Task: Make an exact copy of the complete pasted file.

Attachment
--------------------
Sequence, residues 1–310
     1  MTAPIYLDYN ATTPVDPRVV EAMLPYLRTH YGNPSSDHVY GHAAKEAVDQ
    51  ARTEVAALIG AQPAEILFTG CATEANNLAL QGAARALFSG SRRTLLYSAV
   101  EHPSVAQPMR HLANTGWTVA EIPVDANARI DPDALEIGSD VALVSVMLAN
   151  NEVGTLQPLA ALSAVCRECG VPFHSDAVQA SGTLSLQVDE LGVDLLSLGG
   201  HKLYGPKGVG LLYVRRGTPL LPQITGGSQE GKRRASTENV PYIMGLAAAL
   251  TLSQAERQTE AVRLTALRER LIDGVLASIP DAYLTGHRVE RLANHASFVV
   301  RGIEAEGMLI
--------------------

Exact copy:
Sequence, residues 1–310
     1  MTAPIYLDYN ATTPVDPRVV EAMLPYLRTH YGNPSSDHVY GHAAKEAVDQ
    51  ARTEVAALIG AQPAEILFTG CATEANNLAL QGAARALFSG SRRTLLYSAV
   101  EHPSVAQPMR HLANTGWTVA EIPVDANARI DPDALEIGSD VALVSVMLAN
   151  NEVGTLQPLA ALSAVCRECG VPFHSDAVQA SGTLSLQVDE LGVDLLSLGG
   201  HKLYGPKGVG LLYVRRGTPL LPQITGGSQE GKRRASTENV PYIMGLAAAL
   251  TLSQAERQTE AVRLTALRER LIDGVLASIP DAYLTGHRVE RLANHASFVV
   301  RGIEAEGMLI